Dear Friends,
This will be the penultimate release in the introductory section to my forum on the Great Master Art Works in the World History. Today we show Plum orchard at Kameido Shrine, an almost unknown masterpiece by the great nineteenth-century Japanese print-master Ando Hiroshige, side-by-side with one of the finest renderings ever made of it in a painting by the no less great master of European post impressionism Vincent van Gogh (Japonaiserie: Plum tree in Bloom [after Hiroshige], September-October 1887. Vincent van Gogh Foundation, Rijksmuseum Vincent van Gogh, Amsterdam, the Netherlands). In doing so, I have wished to emphasize the Eastern art influence on the Western arts as well as provide the visitors with a most interesting visual comparison.  

As was pointed out in the last release, at a certain stage in his life, Van Gogh became interested, like many other European artists of his time, in Japanese master prints of the eighteen century which he reproduced in a most approximate fashion, yet maintaining his own characteristic style.
The Plum orchard, which dates from 1857, was part of a series of one hundred views of famous sights in Tokyo, a combination of landscapes and 'ukiyo-e' tableaux, depicting scenes from everyday life. In Japanese, 'ukiyo-e' means 'pictures of the floating world'. Ukiyo-e is the term for prints and paintings illustrating life in the brothel districts and theatre.

The Plum orchard became famous in Europe through Vincent van Gogh
's rendering, which added a border of Chinese and Japanese fantasy letters (not shown here. See HERE the full rendering with fringes).

As always, good feedback is welcome. Your posting at this forum is highly appreciated.
Thank you,
Luis Miguel Goitizolo


Plum orchard at Kameido Shrine
by Ando (Utagawa) Hiroshige
(woodcut, 1857)

born 1797, Edo [now Tokyo], Japan
died Oct. 12, 1858, Edo


in full  Ando Hiroshige,  professional names  Utagawa Hiroshige  and  Ichiyusai Hiroshige,  original name  Ando Tokutaro  Japanese artist, one of the last great ukiyo-e (“pictures of the floating world”) masters of the colour wood-block print. His genius for landscape compositions was first recognized in the West by the Impressionists and Postimpressionists. His print series “Fifty-three Stations on the Tokaido” (1833–34) is perhaps his finest achievement.

Ando Hiroshige was born in Edo (now Tokyo) and at first, like his father, was a fire warden. The prints of Hokusai are said to have first kindled in him the desire to become an artist, and he entered the studio of Utagawa Toyohiro, a renowned painter, as an apprentice. In 1812 Hiroshige took his teacher's name (a sign of graduation), signing his work Utagawa Hiroshige. His career falls roughly into three periods. From 1811 to about 1830 he created prints of traditional subjects such as young women and actors. During the next 15 years he won fame as a landscape artist, reaching a peak of success and achievement in 1833 when his masterpiece, the print series Fifty-three Stations of the Tokaido (scenes on the highway connecting Edo and Kyoto), was published. He maintained this high level of craftmanship in other travel series, including Celebrated Places in Japan and Sixty-nine Stations on the Kiso Highway. The work he did during the third period, the last years of his life, is sometimes of lesser quality, as he appears to have hurriedly met the demands of popularity. He died of cholera on October 12, 1858, in Edo.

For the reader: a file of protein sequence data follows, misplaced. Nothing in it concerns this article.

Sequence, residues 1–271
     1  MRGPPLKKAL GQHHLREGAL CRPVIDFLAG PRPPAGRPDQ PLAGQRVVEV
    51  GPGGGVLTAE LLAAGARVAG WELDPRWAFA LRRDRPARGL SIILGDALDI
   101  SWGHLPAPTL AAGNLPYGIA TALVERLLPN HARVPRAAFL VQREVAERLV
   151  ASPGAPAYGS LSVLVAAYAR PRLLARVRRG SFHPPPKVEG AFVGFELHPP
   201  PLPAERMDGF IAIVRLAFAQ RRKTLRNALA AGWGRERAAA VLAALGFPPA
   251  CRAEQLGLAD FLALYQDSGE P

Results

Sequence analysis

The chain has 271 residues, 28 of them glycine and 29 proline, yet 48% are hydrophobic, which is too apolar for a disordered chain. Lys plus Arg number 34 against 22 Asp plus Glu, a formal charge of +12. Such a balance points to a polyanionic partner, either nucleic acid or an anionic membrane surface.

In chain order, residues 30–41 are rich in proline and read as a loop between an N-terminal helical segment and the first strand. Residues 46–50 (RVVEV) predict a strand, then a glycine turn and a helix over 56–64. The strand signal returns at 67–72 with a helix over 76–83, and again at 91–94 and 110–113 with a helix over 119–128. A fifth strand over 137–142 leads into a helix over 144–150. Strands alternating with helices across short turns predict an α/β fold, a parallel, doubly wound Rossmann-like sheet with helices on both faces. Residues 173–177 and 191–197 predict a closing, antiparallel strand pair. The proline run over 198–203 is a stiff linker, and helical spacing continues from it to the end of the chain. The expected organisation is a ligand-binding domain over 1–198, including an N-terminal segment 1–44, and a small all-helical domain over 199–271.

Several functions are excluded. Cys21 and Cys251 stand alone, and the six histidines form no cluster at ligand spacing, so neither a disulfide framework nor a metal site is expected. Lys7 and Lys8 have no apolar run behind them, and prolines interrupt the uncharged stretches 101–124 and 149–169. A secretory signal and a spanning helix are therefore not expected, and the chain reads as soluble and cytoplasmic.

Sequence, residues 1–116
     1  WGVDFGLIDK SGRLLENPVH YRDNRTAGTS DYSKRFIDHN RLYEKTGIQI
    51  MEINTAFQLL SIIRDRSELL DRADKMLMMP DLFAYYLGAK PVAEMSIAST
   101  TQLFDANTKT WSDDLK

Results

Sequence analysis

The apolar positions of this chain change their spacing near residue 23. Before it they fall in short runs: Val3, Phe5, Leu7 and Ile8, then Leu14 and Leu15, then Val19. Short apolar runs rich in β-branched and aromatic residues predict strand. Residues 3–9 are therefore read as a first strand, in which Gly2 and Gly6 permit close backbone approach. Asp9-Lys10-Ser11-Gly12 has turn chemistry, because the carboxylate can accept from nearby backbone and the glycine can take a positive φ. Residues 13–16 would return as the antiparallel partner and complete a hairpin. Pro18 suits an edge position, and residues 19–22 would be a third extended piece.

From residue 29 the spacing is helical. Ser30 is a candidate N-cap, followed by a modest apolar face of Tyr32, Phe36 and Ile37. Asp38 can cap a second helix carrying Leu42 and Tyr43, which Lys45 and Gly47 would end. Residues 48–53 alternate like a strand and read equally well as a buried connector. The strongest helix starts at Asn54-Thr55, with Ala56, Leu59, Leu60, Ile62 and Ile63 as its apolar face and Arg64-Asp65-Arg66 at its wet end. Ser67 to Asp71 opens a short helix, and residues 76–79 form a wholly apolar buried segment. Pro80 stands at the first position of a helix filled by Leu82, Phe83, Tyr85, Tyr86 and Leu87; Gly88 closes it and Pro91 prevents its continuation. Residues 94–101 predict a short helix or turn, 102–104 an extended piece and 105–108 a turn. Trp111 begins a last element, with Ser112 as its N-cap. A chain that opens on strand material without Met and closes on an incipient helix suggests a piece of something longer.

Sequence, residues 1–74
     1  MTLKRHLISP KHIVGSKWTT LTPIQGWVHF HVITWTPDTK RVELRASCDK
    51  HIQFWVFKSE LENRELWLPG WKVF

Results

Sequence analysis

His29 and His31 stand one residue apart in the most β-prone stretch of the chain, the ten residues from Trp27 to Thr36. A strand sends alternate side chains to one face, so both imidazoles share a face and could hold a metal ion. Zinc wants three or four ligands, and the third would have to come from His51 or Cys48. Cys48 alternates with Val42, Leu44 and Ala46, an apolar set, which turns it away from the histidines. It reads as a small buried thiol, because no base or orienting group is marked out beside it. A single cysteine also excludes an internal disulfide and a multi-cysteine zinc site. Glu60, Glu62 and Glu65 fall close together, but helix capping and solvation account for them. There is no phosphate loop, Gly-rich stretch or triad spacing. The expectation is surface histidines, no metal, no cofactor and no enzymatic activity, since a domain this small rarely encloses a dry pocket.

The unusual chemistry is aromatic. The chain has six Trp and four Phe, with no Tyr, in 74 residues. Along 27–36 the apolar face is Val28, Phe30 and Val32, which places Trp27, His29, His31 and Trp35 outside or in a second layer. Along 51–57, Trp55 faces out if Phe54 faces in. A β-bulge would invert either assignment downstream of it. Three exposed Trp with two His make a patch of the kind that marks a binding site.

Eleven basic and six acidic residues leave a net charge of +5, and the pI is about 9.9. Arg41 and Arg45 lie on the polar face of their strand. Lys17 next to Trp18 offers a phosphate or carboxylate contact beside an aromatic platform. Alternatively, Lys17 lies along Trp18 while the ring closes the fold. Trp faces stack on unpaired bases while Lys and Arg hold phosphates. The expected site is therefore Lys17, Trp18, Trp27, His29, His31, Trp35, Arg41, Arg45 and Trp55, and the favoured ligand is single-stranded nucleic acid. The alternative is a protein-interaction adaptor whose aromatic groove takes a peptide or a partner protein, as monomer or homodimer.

With Hokusai, Hiroshige dominated the popular art of Japan in the first half of the 19th century. His work was not as bold or innovative as that of the older master, but he captured, in a poetic, gentle way that all could understand, the ordinary person's experience of the Japanese landscape as well as the varied moods of memorable places at different times. His total output was immense, some 5400 prints in all.

Technical data and
Note on the print

Plum orchard at Kameido Shrine
1857 (150 Kb);
From "One Hundred Famous Views of Edo"; Woodblock print, 13 1/4 x 8 5/8 in;
The Brooklyn Museum,

Hiroshige's series of prints was reprinted many times and often copied by his students. The print shown here is from the original series. The colours in later editions are not as bright and the shadows on the ground are indistinguishable. The title of the work and the artist's signature are both in red cartouches. The date stamp, the censor's seal and the publisher's mark are in the margin.

See Van Gogh's Profile


(1) This image is a courtesy of Rijksmuseum.

(2) Source: Encyclopaedia Britannica Online, Web Museum.

(3) Source: Rijksmuseum, Web Museum.